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Falling Illini, an RSO at new heights

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Falling Illini, an RSO at new heights

Cody McClintock, President of the Falling Illini, skydives at the Illinois Skydiving Center.

Cody McClintock, President of the Falling Illini, skydives at the Illinois Skydiving Center.

Photo courtesy of Cody McClintock

Cody McClintock, President of the Falling Illini, skydives at the Illinois Skydiving Center.

Photo courtesy of Cody McClintock

Photo courtesy of Cody McClintock

Cody McClintock, President of the Falling Illini, skydives at the Illinois Skydiving Center.

By Marissa Plescia, Staff Writer

For Cody McClintock, senior in Engineering, there is nothing more exciting than standing at the edge of an airplane, thousands of feet above ground and stepping out.

The Falling Illini is a University RSO that allows students to learn the art of skydiving in a safe and enjoyable way. The club travels to Illinois Skydiving Center in Paxton, Illinois, which is about a 30 minute drive from Champaign, to outdoor skydive.

McClintock founded the RSO three years ago because he wanted to share his love for skydiving with the rest of the campus community. Since then, McClintock said he has found a family with the RSO of people who share a similar love for skydiving that he has.

“I wanted to spread the sport of skydiving,” McClintock said. “Skydiving is amazing in general, but it becomes more fun when you jump with people you know.”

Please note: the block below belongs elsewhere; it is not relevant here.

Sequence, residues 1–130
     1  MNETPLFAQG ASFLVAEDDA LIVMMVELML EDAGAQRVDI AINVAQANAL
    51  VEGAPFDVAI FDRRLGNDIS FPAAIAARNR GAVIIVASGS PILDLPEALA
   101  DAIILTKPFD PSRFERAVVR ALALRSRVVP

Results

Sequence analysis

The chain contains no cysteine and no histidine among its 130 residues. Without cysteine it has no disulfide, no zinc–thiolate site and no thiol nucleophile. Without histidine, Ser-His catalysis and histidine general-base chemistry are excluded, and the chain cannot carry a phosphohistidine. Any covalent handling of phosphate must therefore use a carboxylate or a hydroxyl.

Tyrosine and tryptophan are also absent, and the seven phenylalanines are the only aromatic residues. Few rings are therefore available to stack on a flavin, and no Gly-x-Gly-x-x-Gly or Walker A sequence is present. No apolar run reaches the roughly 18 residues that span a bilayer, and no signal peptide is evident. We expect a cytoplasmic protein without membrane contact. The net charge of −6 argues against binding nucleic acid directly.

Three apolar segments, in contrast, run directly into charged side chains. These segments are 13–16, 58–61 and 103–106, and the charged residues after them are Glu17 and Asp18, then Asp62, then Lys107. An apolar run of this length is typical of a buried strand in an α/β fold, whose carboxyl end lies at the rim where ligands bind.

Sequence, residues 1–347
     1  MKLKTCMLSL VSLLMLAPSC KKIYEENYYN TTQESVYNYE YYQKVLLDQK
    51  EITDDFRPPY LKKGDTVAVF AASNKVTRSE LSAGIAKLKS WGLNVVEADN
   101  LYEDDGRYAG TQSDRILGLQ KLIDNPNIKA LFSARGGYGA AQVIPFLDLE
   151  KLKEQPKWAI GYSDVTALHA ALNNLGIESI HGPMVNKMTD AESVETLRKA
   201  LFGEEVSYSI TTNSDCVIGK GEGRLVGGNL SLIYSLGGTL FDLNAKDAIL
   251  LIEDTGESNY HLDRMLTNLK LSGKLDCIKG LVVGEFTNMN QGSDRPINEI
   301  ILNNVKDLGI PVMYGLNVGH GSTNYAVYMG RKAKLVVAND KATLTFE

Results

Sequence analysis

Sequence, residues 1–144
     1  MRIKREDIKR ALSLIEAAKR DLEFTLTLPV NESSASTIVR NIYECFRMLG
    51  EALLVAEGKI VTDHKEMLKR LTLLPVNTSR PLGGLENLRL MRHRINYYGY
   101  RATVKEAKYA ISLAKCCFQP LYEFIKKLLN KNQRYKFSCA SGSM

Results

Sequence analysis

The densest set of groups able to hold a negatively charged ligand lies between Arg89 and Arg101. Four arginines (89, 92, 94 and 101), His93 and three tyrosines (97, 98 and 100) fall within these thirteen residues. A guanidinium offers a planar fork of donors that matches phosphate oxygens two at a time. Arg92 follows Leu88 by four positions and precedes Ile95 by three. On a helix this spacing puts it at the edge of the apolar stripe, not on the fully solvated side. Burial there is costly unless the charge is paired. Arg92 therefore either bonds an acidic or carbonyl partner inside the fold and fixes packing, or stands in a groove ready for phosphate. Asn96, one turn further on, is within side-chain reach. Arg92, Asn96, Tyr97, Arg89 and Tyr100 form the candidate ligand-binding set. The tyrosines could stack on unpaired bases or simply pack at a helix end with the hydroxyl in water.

Today the Falling Illini currently has 354 members and makes regular trips to the Illinois Skydiving Center. 

“You will never experience anything like it,” Jef LeRette, owner of Illinois Skydiving Center, said. “Everyone should do it once, even if it’s only one time. It teaches you to overcome fear, gives you a sense of accomplishment, and will give you the memory of a lifetime.”

Most members of the club do tandem jumps, which is when the skydiver is attached to an instructor. However, for people who want to become licensed, they have to attend a four hour training session before doing any solo jumps.

“Most of our members are only interested in doing a tandem jump. We have a few students who are certified, though,” McClintock said.

Since most students are strapped to an instructor when jumping, all of the training is done the day of the jump. Skydivers also given goggles and a jumpsuit if it is cold. After getting harnessed, people are checked to make sure all their equipment is on correctly.

“Every jumper is taught that before every dive, they go through a series of equipment safety checks and practice their emergency procedures,” LeRette said. 

While skydiving is something that definitely takes a lot of courage and bravery, it is not out of the norm for members of the Falling Illini to experience butterflies before jumping.

“Being nervous helps make sure that you do all of your safety checks before ever getting into the plane,” McClintock said. “The instructors do a great job in making sure everyone is comfortable with the jump before the plane takes off, so it isn’t normally an issue.”

LeRette even admits to being afraid of heights, and said that one of the biggest challenges of skydiving is not letting tandem students know that he’s nervous too.

“It takes a lot to overcome fear, but we are professionals with an impeccable safety record – not just my facility, but the sport as a whole – so let us give you the time of your life,” LeRette said.

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